For employers required to maintain work-related injury and illness records: it’s that time of year again. The Occupational Safety and Health Administration (OSHA) requires covered employers (establishments with 10 or more employees, except for certain “low-risk” industries) to prepare and post the OSHA Form 300A, Summary of Work-Related Injuries and Illnesses, at their establishments from February 1 through April 30. Some employers must also electronically submit this information to OSHA no later than March 2, 2021. What do employers need to know to prepare and comply with these requirements?
Background: What Is The 300A?
As a refresher, the OSHA Form 300A is the second page of OSHA’s Form 300. It serves as a summary of all recordable work-related injuries and illnesses that occurred in 2020, including the total number of cases, the total number of days employees spent away from work or on restriction, and specific injury and illness types. To learn more about legal compensations entailed by employees, check this article about injury compensation for federal employees.
Once completed, the form must be posted at each establishment in a conspicuous place. If no recordable incidents or illnesses occurred in 2020, the form must still be completed and posted. Some employers are unaware that OSHA can cite an employer who fails to post the OSHA Form 300A as required, even if no recordable incidents or illnesses need to be reported. The 300A must remain posted from February 1 to April 30.
Additional Steps For Certain Employers
Certain employers must also submit their OSHA Form 300A information through OSHA’s Injury Tracking Application (ITA). Establishments with 250 or more employees that are currently required to keep OSHA injury and illness records, and establishments with 20 to 249 employees that are classified in certain industries with historically high rates of occupational injuries and illnesses, have to submit their Form 300A information to OSHA.
The New Curveball: COVID-19 Cases
Many industries in the category described above, such as assisted living facilities, hospitals, manufacturers and other healthcare providers, have been greatly affected by COVID-19. Consequently, before posting or submitting your 300A information, employers should consider how the pandemic may have affected your injury and illness data.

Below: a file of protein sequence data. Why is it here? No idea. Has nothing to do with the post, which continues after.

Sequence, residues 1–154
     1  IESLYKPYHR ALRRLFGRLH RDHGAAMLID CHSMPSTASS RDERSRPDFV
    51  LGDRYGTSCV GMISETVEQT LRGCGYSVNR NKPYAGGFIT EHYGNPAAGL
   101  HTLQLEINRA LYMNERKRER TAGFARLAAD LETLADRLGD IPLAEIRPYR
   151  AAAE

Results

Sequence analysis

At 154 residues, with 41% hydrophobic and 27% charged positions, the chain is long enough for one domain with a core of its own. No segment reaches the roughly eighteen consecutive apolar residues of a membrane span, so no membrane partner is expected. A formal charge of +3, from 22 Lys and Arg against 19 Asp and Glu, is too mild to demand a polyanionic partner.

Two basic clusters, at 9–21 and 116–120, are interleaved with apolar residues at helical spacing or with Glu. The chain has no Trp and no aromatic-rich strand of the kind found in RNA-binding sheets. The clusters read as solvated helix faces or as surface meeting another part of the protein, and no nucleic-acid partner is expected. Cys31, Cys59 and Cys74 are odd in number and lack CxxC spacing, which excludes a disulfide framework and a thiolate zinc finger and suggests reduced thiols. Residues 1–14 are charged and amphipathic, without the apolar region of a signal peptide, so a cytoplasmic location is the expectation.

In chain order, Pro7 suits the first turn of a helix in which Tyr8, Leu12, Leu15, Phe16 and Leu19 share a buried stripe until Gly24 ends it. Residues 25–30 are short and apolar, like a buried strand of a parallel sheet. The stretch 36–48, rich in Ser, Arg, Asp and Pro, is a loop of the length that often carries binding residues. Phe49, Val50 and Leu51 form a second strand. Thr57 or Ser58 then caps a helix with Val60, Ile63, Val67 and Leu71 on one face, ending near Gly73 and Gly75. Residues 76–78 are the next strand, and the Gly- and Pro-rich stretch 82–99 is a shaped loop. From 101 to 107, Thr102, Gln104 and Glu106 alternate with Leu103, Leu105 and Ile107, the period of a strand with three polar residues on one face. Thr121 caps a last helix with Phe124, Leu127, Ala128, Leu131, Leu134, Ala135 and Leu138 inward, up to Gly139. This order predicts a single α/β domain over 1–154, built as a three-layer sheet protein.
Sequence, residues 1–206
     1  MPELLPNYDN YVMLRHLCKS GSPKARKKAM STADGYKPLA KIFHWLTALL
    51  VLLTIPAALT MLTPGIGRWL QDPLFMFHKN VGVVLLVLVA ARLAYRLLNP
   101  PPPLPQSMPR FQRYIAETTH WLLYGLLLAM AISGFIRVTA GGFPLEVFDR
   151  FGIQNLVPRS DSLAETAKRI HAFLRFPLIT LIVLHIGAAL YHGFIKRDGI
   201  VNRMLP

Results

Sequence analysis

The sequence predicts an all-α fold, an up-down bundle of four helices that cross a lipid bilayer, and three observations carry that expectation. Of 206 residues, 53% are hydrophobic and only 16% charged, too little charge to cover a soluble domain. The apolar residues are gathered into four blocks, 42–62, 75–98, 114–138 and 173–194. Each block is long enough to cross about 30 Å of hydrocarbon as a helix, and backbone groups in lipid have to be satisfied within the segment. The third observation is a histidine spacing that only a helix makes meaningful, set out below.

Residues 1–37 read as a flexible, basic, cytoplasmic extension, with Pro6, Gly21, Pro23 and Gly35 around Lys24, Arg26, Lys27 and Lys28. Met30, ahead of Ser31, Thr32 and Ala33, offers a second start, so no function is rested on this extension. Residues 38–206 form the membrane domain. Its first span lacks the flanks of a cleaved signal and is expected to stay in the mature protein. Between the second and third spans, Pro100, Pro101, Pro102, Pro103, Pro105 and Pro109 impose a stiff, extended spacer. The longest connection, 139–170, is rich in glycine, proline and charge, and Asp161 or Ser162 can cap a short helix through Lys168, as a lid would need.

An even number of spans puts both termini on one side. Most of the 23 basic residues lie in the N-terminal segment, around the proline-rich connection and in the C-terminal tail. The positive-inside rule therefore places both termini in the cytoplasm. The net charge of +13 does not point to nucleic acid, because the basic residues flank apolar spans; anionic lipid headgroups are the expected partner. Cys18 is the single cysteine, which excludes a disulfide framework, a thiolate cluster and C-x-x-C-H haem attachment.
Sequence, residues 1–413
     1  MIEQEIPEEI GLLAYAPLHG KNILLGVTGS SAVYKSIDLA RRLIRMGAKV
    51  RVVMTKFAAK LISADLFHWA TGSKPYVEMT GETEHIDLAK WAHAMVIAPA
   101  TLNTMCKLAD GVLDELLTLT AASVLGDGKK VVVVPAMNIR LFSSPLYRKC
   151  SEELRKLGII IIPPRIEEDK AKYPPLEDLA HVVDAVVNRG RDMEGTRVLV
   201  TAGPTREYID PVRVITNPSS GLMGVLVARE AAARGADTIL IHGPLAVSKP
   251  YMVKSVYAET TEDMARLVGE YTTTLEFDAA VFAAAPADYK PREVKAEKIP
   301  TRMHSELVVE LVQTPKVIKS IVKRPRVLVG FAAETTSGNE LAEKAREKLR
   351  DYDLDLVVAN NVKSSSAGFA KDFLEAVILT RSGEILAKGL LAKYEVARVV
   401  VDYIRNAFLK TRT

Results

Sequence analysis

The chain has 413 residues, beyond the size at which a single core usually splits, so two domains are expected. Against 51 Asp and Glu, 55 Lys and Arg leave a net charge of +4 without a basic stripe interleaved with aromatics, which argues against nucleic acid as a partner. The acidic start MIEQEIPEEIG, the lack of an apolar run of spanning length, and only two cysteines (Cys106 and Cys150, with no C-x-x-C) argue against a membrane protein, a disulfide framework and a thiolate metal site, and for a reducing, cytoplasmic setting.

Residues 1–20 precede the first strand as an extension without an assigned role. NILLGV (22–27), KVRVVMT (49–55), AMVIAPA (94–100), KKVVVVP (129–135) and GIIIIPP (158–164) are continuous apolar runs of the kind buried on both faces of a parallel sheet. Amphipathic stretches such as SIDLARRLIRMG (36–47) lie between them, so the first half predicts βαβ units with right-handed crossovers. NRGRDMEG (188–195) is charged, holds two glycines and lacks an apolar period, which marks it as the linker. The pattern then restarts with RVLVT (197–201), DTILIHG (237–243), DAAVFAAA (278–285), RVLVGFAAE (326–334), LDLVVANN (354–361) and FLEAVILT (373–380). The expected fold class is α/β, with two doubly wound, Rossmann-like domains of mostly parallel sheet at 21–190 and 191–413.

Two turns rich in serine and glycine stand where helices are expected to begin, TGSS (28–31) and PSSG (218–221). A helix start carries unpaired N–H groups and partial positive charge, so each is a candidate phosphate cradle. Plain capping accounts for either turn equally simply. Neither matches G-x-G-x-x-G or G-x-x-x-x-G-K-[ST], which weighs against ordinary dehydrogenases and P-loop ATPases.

According to OSHA, COVID-19 is a recordable illness. As such, covered employers are responsible for recording cases of COVID-19, if:
- the case is a confirmed case of COVID-19, as defined by the Centers for Disease Control and Prevention (CDC);
- the case is “work-related” as defined by 29 CFR § 1904.5; and
- the case involves one or more of the general recording criteria set forth in 29 CFR § 1904.7.
OSHA defines a “recordable injury or illness” as follows: (1) any work-related fatality; (2) any work-related injury or illness that results in loss of consciousness, days away from work, restricted work, or transfer to another job; (3) any work-related injury or illness requiring medical treatment beyond first aid; and (4) any work-related diagnosed case of cancer, chronic irreversible diseases, fractured or cracked bones or teeth, and punctured eardrums. There are also special recording criteria for work-related cases involving: needlesticks and sharps injuries; medical removal; hearing loss; and tuberculosis.
What Should You Do?
Many employers believe it is a good human resources practice to err on the side of caution when it comes to fulfilling general legal obligations, resolving any doubt by taking the extra step. However, that might not be the best practice when it comes to OSHA 300A compliance. Over-reporting can lead to higher incident rates, which can negatively affect your company’s safety standings. For this reason, we recommend that employers review OSHA’s website for guidance before completing the form, or reaching out to your Fisher Phillips attorney or any member of our Workplace Safety and Catastrophe Management Practice Group.
This article is reposted from Fisher Phillips Legal Resources.
This communication is for informational purposes only; it is not legal, tax or accounting advice; and should not be acted upon as such. This post may contain hyperlinks to forms, materials, and websites operated by parties other than Unique Employment Services. Such hyperlinks are provided for reference only. Unique Employment Services does not control such websites and is not responsible for their content.